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Films of 2011

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The pink-neon title sequence; the brooding, skull-kicking lead wearing a white satin jacket; the heavily 80s influenced music – so much of Drive shouldn’t work, but it’s  hands-down the film of the year. With the moody night-time glow of the LA cityscape and slow-burning shots of a contemplative Driver all punctured by jump-out-your-seat moments of ultra-violence, it’s a thrilling watch.


Julia’s Eyes

After her stunning turn as a grieving mother in The Orphanage, Belen Rueda puts in another solid performance in this Spanish thriller. As she battles failing vision and her world slowly disintegrating around her, she must uncover the truth behind her sister’s apparent suicide. Nicely paced, with a couple of clever twists (although the main one is quite obvious), it shows that yet again the Spanish are masters at the horror/thriller genre.


The Girl Who Kicked The Hornets Nest

Although the pace of Hornet’s Nest may be slower than the other two films, it is no less bold and brilliant. As charges against Salander are dropped after a taut court case, her exacting of revenge on her half-brother in a frantic cat-and-mouse game provides a very satisfying conclusion to the Millennium trilogy.



Despite being touted as the ‘The Female Hangover’, Bridesmaids proved to be more than just one hilarious diarrhoea joke.

Another Earth

Was it a dream? Was there ever ‘Another Earth’? When did ‘Earth II’ become a mirror of Earth? What does the final scene mean? The gloriously haunting Another Earth throws up a multitude of questions (each frustrating) but it is this type of investment that you give to the film, trying to decipher meaning long after the credits have rolled, which proves it to be a very worthy watch.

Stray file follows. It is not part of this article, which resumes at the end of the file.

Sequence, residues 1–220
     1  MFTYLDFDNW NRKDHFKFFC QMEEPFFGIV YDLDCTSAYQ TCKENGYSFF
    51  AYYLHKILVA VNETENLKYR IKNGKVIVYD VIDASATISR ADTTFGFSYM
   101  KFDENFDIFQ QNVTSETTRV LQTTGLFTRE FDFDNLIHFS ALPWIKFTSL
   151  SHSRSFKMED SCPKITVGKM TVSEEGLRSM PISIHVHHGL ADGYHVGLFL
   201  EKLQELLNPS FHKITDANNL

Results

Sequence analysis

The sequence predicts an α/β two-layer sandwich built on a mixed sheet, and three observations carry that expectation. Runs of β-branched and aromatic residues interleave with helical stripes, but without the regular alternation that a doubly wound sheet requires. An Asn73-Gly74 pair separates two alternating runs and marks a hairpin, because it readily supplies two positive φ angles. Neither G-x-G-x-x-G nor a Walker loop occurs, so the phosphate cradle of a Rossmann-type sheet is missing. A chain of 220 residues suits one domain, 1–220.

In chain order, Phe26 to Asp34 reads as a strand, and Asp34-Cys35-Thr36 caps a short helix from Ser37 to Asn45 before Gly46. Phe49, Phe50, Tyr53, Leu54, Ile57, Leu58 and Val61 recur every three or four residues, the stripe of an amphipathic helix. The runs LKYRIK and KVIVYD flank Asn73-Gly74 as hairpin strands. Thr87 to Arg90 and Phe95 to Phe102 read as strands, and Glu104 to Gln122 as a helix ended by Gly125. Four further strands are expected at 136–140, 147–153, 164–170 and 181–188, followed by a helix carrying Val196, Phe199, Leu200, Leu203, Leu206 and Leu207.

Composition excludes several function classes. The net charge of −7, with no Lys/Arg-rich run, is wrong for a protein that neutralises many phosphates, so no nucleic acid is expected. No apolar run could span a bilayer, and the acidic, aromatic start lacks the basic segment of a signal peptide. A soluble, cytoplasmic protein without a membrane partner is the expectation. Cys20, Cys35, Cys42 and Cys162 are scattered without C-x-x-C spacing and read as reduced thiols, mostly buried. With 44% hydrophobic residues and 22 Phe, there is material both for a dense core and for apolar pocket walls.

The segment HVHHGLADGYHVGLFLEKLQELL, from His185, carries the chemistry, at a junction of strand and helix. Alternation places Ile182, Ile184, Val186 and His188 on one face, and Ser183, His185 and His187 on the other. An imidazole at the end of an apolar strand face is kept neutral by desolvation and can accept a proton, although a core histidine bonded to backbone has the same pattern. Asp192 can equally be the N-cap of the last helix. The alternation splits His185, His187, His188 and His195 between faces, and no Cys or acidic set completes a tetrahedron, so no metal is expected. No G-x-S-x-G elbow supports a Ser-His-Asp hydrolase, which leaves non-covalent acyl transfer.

127 Hours

When you consider that a large part of the film involved James Franco essentially immobile in a cave, Danny Boyle pulled off nothing short of a bloody miracle making 127 Hours such a thrilling, if not sometimes a little uncomfortable, watch. The use of Sigur Ros’ ‘Festival’ as Ralston makes his escape is cinematic magic.


Animal Kingdom

Jacki Weaver puts in a tour de force as Janine Cody, the seemingly benign (if you forget about her mouth kissing her adult sons) but later chilling matriarch behind an Australian crime family.


Blue Valentine

Raw, unflinching and brilliantly played by leads Michelle Williams and Ryan Gosling, Blue Valentine is the rarity in cinema. Cleverly stitching lines between those first pangs of infatuation to the drudgery of a decaying and one-sided relationship later down the line, the film is a difficult but original watch.


Black Swan

Inception handed their ‘2010 What The Fuck Is Happening Award’ to Black Swan this year. Portman’s frail ballerina, stunted by her over-bearing mother and crippled by paranoia and Kunis’ overtly sexual, mega-minx are both deliciously brilliant in Aronofsky’s acclaimed psychological thriller.



With Richard Ayoade’s directorial style sitting somewhere between Hal Ashby and Wes Anderson, Submarine is both quirky and expertly presented. More importantly, it goes some way to show that the UK film industry could be more than just ball-achingly terrible Richard Curtis films or maudlin domestic dramas.


True Grit

Of course Jeff Bridges’ Rooster Cogburn is largely unintelligible with his heavy cowboy drawl, but the Cohen’s homage to the original is a thoughtfully paced and beautifully shot. And Hailee Steinfeld’s voiceover fits the film perfectly.


Still to see which could make the 2011 shortlist –


The Artist


Day In A Life


The Guard

Never Let Me Go

The Ides of March

Martha Marcy May Marlene


Written by because140charactersisnotenough

January 3, 2012 at 3:44 pm